One of the hallmarks of good coaching is knowing how to manage a game. Maybe it’s because I grew up in the United States, but I pay special attention to what coaches do at the end of games. In baseball, basketball, and American football, coaches try to control every aspect of the closing stages of a game by stopping play, making substitutions, and using any other trick to either prolong or bring a rapid end to the contest. So how much do soccer coaches do this?
To me, an important marker of a good coach is knowing how to kill a game off. When a team is winning by a goal with not much time left to play, it’s usually time to shut everything down and run out the clock. I’ve always been mystified by José Pékerman’s decision to put on Julio Cruz in the 78th minute of Argentina’s World Cup quarterfinal against Germany in 2006. Cruz was a powerful center forward who played as a target man. With a 1-0 lead, surely the best strategy was to throw on a clever dribbler – some kid named Messi, perhaps? – to run the ball into the corner and waste as much time as possible with the fouls and throw-ins that would inevitably follow.
Using Opta data, it’s fairly easy to get an idea of which coaches’ teams follow this strategy. I looked at the last 100 events for each team in each English Premier League match going back to the 2010-11 season. At an average of 864 events recorded per team and 95 minutes per match, I was looking at roughly the last 11 minutes of each match. For each team, I put the matches where it was leading by a goal at the first of these 100 events into one bucket, and all the other matches went into another bucket.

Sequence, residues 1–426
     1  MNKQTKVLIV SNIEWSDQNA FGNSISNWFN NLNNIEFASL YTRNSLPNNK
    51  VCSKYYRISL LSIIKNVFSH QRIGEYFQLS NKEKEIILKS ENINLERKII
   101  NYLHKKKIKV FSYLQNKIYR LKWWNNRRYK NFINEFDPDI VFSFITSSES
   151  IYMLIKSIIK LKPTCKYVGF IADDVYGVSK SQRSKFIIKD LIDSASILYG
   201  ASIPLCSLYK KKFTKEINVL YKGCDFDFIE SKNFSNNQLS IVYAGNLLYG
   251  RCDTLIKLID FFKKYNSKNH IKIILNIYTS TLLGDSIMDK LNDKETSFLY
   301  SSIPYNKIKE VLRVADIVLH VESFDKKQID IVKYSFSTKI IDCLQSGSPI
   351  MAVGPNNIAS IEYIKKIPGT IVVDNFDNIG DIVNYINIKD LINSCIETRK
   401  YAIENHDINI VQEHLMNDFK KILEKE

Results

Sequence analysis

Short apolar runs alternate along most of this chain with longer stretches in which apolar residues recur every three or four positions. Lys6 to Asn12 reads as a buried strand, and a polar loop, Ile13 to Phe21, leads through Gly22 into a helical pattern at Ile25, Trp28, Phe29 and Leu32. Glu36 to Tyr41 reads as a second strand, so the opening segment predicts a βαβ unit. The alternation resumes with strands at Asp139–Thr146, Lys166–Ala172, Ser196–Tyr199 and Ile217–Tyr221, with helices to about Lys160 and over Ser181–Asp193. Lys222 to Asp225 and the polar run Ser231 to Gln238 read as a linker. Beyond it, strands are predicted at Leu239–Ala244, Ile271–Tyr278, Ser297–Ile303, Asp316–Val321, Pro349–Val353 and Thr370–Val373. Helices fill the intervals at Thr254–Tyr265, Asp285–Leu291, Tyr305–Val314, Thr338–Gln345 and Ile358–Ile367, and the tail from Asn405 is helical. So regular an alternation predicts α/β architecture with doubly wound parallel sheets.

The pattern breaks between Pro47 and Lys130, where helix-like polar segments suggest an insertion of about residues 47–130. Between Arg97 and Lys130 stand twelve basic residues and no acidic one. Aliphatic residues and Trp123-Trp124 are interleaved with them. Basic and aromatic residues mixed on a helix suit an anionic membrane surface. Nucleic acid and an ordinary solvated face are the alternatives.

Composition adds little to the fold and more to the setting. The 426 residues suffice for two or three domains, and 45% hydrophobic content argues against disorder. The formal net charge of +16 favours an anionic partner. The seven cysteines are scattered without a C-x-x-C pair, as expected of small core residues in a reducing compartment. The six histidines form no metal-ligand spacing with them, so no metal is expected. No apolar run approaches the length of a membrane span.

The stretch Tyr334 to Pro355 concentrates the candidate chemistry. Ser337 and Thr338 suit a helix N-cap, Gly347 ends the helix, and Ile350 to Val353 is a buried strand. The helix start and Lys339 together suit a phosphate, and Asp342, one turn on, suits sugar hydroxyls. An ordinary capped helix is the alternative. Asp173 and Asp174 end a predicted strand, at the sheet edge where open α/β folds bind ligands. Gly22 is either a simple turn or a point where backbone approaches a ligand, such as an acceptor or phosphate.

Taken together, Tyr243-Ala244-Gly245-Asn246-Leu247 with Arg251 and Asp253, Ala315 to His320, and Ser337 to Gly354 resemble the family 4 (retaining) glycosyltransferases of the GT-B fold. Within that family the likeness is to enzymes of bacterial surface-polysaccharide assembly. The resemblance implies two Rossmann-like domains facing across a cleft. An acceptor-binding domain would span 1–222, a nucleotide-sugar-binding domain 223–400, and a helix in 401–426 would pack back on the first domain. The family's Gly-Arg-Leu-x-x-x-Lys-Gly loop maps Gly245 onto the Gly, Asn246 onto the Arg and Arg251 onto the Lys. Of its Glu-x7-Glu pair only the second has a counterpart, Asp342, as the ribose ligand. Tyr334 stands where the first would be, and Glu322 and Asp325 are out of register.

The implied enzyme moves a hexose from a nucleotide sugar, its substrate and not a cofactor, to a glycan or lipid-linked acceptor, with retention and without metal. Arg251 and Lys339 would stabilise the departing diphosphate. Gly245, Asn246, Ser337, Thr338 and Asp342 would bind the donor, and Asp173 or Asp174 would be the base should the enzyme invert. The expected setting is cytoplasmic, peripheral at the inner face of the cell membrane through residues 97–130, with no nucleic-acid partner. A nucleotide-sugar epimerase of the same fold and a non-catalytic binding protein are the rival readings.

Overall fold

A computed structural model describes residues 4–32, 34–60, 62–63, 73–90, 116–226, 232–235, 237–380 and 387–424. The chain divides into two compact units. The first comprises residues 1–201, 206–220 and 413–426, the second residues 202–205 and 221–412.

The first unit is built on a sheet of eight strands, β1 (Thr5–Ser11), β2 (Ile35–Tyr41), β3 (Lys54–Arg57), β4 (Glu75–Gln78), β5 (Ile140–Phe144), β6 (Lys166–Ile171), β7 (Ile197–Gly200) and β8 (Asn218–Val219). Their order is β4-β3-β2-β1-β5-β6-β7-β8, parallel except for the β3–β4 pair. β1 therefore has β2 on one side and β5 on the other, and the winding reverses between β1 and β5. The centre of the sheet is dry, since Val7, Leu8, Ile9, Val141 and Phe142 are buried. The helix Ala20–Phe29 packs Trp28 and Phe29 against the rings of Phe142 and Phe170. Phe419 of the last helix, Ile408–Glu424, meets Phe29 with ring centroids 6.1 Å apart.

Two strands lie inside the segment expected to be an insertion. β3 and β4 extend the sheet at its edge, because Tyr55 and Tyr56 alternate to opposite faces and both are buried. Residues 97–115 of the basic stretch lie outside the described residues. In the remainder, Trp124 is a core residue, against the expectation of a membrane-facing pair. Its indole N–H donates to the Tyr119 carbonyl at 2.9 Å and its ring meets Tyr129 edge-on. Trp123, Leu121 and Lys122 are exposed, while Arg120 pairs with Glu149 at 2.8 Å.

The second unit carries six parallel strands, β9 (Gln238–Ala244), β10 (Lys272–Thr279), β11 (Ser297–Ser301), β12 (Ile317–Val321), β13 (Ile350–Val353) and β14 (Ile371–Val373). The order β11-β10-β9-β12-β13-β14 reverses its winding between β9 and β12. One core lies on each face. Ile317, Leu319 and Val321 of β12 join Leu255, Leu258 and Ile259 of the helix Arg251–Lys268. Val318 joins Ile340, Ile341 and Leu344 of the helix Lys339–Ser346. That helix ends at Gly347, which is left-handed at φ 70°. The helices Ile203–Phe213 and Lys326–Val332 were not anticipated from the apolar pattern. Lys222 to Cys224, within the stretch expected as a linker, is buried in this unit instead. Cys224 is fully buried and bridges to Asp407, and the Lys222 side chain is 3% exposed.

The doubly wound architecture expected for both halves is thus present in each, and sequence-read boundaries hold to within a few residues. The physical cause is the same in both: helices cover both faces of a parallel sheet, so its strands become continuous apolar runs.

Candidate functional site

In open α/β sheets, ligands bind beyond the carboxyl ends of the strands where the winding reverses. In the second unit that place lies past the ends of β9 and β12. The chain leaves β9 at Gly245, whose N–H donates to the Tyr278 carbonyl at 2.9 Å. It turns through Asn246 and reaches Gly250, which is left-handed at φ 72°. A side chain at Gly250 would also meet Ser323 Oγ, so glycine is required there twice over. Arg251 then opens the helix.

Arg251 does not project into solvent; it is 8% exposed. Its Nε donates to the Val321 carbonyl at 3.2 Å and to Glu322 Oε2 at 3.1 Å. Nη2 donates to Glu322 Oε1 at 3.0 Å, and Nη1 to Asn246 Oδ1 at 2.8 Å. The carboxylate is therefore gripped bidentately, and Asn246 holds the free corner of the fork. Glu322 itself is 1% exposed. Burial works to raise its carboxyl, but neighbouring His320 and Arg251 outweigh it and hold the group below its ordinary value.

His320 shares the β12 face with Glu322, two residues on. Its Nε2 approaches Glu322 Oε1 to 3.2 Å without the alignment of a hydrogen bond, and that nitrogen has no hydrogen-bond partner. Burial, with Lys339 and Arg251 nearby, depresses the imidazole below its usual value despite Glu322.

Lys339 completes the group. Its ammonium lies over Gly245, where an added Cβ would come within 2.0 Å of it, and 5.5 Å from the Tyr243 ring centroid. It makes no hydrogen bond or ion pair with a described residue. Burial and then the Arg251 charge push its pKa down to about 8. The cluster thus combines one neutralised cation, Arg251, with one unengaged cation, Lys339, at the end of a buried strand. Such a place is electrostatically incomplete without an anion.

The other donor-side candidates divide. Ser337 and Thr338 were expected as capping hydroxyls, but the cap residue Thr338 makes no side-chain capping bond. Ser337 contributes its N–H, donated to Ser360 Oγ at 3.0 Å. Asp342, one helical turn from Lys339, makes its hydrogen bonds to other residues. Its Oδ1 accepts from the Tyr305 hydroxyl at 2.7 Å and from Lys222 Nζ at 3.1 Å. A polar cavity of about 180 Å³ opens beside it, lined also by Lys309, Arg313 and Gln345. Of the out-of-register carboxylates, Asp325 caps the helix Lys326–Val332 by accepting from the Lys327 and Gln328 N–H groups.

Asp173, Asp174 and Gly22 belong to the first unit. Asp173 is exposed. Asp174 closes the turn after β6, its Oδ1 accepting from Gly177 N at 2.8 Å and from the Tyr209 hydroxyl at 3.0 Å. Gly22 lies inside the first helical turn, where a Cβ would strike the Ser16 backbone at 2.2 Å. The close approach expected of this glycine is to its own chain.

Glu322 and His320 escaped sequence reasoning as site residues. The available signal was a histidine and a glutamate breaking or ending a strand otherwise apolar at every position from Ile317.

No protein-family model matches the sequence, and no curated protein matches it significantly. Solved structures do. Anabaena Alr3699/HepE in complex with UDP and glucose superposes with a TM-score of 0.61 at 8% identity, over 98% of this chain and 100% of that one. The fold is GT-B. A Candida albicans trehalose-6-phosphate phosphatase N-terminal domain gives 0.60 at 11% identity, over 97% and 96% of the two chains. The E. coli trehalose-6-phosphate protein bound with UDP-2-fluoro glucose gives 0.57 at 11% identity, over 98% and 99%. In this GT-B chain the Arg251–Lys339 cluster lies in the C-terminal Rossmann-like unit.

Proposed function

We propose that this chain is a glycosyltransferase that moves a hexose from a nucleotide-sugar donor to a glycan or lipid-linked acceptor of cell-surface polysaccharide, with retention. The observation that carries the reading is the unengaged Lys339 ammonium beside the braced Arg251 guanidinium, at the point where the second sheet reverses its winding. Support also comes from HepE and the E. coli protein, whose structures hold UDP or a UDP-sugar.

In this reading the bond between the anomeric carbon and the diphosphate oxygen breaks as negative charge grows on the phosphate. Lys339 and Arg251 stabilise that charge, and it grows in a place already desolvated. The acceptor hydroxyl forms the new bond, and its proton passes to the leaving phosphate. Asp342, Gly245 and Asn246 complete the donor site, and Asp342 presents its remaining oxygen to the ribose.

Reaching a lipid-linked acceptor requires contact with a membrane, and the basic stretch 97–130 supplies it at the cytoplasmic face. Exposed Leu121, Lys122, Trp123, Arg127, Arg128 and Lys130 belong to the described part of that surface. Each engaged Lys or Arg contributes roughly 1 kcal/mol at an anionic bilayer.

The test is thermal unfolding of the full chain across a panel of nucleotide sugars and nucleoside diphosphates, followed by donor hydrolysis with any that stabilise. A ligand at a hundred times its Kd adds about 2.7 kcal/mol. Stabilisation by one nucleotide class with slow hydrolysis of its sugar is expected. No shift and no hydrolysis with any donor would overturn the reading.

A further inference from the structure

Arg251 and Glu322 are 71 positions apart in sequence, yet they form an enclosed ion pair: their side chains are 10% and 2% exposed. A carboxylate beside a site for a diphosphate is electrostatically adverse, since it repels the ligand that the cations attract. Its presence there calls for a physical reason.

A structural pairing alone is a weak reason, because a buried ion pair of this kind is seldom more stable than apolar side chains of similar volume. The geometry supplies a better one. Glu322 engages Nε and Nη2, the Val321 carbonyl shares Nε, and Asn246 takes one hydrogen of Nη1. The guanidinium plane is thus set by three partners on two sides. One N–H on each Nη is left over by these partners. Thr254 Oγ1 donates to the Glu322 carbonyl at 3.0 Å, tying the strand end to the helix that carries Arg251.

In each bucket, I looked at how many events were recorded as occurring in the last 20% of the pitch by length and the furthest 20% by width on each flank. On a 105 x 68 meter standard European pitch, these areas would measure 21 meters in length by 13.6 meters in width on each side – essentially rectangular boxes along each sideline, ending at the goal line. Events in these areas were my “corner events”.
Below is a list of coaches who had at least 10 matches leading by a goal as their teams entered their last 100 events. For each one, I’ve shown the average number of corner events when up by a goal versus in all other situations. These numbers aren’t adjusted for the quality of the opposition or the run of play in the match; this is just a quick preliminary analysis.
Soccer analysts and fans alike know that Sam Allardyce, Sunderland’s current manager, likes to use insights from data. I don’t know if data led him to pursue the kill-it-in-the-corners strategy. And I don’t know if he bequeathed the strategy to Owen Coyle at Bolton. But the two of them are the greatest exponents of the strategy that the Premier League has seen in recent years.
Of course, Arsène Wenger is also a big user of data, but he clearly doesn’t use this time-tested strategy. Perhaps his Gunners are so good at passing all over the field that they can run down the clock wherever they want. Not every team can do that. So when my club is up by a goal with 11 minutes left, I know what I want to see.
UPDATE 18 December 2015 – 18h30 EST
Mike Goodman of ESPN suggested that a team’s corner touches and time in the corners may not be related late in games. To deal with this in a quick way, I narrowed the definition of corner events to include only take-ons, passes shorter than 10 meters, fouls suffered, and balls out. The results were very similar:
Interestingly, if I shorten the final stage of the game to 50 events for each team, the number of corner events for the managers near the top of the list drops by less than half. Instead of 4.4 specific corner events per 100, Allardyce has 3.0; for Coyle, it’s 2.5. This suggests that the specific corner events really are a feature of the end of the game.
And finally, if I try to control the study even more by comparing corner events when a goal up to corner events when a goal down, I get the table below:
Here the sample size is inevitably smaller, but the results are still pretty intriguing. Further investigation with tracking data – not to mention talking to the managers involved – might confirm my tentative conclusions.